Marty Cordova, of Chimayó, was acquitted of the 10 remaining charges against him Nov. 10. Cordova was on trial for illegal trapping which led to the 2018 death of an 8-year-old Heeler mix named Roxy and the passing of “Roxy’s Law,” banning the usage of traps, snares and poisons on public lands in New Mexico.

Dave Clark of Española, Roxy’s owner, was hiking on a trail around Santa Cruz Lake when he watched her run through a snare trap that wrapped around her neck.

As he was taking his dog back to his truck, he heard another noise and found a bobcat also caught in a snare trap.

Cordova was acquitted of all 10 counts against him — 23 of the 33 charges against him were dropped.

Cordova’s lawyer Yvonne Quintana said the charges were dropped because of improper handling of evidence.

“The charges that were dismissed, there was improper handling of evidence by game and fish,” Quintana said. “They lost evidence. They deleted evidence. There were thousands of photographs that were deleted.”

Quintana said New Mexico Game and Fish failed to preserve a single snare and said the case was a long process at chipping away at the state’s case for their mishandling of evidence.

“I have to say this is one of the toughest trials I’ve done and it was a big trial,” Quintana said. “This was over his head for three years. It’s quite a relief to finally be done financially as well, as level(s) of stress of having to deal with something of this magnitude. I think the jury made the right determination in making the right acquittals.”

Despite Cordova’s acquittal, Quintana said there was a huge impact from the incident.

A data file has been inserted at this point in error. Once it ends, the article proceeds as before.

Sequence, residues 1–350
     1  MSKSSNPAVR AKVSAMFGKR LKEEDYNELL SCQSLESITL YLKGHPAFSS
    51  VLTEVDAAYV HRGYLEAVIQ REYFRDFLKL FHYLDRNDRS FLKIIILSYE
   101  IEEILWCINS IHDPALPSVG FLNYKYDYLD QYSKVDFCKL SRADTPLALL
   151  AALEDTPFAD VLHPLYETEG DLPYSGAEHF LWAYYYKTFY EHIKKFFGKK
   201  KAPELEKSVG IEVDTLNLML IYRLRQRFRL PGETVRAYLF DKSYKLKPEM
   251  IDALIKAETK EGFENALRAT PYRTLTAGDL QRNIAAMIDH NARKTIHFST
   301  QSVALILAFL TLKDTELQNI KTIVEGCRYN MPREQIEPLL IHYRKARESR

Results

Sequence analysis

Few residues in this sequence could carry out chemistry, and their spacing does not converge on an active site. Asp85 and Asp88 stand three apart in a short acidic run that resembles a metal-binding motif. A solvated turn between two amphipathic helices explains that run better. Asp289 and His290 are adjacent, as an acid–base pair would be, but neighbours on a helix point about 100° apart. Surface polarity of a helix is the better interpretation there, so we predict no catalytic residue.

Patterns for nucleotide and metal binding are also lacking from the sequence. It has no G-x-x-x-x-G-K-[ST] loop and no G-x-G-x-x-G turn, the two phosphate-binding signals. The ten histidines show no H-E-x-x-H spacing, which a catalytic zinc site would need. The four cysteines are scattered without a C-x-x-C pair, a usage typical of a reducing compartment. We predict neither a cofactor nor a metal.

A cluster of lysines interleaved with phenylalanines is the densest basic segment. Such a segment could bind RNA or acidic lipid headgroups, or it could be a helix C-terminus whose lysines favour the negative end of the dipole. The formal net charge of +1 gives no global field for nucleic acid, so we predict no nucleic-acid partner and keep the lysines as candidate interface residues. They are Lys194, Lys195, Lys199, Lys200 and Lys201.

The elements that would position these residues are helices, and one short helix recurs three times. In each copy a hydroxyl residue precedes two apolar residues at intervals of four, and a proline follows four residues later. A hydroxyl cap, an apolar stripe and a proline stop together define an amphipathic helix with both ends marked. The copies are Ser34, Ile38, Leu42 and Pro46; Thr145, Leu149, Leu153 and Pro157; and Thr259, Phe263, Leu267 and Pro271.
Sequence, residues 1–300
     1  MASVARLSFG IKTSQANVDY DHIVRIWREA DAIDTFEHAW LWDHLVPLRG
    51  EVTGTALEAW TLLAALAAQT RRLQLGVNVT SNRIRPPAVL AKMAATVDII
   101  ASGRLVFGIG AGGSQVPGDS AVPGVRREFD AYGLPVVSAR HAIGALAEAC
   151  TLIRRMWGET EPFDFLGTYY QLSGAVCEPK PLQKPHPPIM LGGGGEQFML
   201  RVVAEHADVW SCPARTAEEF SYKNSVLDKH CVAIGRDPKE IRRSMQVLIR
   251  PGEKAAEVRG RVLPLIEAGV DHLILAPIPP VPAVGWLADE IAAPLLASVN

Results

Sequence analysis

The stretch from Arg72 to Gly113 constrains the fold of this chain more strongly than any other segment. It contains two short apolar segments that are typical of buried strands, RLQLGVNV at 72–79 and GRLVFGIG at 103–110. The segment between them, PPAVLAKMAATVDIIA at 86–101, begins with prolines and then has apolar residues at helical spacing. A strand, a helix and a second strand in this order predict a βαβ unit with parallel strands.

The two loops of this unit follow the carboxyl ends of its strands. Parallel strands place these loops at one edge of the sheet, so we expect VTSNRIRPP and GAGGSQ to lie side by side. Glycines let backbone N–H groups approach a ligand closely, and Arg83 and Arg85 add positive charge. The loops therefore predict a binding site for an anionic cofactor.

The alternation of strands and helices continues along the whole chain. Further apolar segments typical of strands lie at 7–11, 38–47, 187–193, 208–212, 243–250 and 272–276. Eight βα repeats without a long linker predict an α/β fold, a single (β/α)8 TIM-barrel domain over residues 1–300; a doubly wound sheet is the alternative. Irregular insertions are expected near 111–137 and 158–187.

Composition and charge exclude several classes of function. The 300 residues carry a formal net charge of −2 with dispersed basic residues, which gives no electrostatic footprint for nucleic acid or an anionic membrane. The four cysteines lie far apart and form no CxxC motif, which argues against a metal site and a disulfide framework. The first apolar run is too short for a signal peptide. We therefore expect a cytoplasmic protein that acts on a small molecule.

“Mr. Cordova received a lot of very negative publicity,” Quintana said. “But to the detriment of New Mexico, trapping may not be my favorite thing, but it’s a practice that has gone (on) for thousands (of) years and it is no more as a result of this case.” 

Quintana also said trapping wasn’t the only irresponsible thing that happened that day.

“The failure of that dog to not be on a leash on public lands, that is part of the reason for the loss of that animal as well,” Quintana said.

Clark said he was disappointed in the ruling and didn’t want to speak on the trial beyond that.

“The important story is Senate Bill 32, ‘Roxy’s Law,’” Clark said. “To me, that is important. I wasn’t too invested in this process because it’s pretty hard to convict somebody three years after the fact.”

Clark said even though “Roxy’s Law” goes into place in April, he still won't be letting his guard down when taking his animals hiking.

“I don’t really think there’s good trappers and bad trappers. I think trappers, unfortunately, kill unintended victims,” Clark said.

(1) comment

JJMac

Really, the lawyer is going to put some of the blame on the dog not on a leash. If the trap was not there, it would not have mattered.

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